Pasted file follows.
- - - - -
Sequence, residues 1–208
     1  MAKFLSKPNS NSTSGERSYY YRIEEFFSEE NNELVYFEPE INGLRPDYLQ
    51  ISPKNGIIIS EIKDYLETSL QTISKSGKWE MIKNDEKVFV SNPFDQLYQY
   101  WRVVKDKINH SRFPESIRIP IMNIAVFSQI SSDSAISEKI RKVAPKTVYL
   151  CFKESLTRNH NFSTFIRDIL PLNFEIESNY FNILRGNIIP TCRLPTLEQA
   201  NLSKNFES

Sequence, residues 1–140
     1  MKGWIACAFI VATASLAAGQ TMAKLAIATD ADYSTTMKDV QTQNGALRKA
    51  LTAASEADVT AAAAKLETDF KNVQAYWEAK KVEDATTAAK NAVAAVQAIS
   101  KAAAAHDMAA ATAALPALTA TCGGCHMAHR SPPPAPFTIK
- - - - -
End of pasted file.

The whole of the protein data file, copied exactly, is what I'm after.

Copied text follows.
Sequence, residues 1–208
     1  MAKFLSKPNS NSTSGERSYY YRIEEFFSEE NNELVYFEPE INGLRPDYLQ
    51  ISPKNGIIIS EIKDYLETSL QTISKSGKWE MIKNDEKVFV SNPFDQLYQY
   101  WRVVKDKINH SRFPESIRIP IMNIAVFSQI SSDSAISEKI RKVAPKTVYL
   151  CFKESLTRNH NFSTFIRDIL PLNFEIESNY FNILRGNIIP TCRLPTLEQA
   201  NLSKNFES

Sequence, residues 1–140
     1  MKGWIACAFI VATASLAAGQ TMAKLAIATD ADYSTTMKDV QTQNGALRKA
    51  LTAASEADVT AAAAKLETDF KNVQAYWEAK KVEDATTAAK NAVAAVQAIS
   101  KAAAAHDMAA ATAALPALTA TCGGCHMAHR SPPPAPFTIK